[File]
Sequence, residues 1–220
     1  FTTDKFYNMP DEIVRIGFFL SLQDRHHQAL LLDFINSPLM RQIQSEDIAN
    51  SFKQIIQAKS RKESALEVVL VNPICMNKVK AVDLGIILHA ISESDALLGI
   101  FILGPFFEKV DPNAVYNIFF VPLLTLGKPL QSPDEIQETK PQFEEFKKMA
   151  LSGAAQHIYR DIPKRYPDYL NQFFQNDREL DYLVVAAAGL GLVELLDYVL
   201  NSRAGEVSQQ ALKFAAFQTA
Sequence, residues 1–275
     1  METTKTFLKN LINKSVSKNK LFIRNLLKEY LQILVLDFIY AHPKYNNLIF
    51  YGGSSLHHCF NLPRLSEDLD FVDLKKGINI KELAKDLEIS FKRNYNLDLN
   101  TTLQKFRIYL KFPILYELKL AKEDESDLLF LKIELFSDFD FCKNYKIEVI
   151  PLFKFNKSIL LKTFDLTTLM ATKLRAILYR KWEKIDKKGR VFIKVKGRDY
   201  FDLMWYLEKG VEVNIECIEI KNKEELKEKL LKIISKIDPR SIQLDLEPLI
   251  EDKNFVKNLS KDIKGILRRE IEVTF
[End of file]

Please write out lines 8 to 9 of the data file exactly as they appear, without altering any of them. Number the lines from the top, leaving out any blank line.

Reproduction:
     1  METTKTFLKN LINKSVSKNK LFIRNLLKEY LQILVLDFIY AHPKYNNLIF
    51  YGGSSLHHCF NLPRLSEDLD FVDLKKGINI KELAKDLEIS FKRNYNLDLN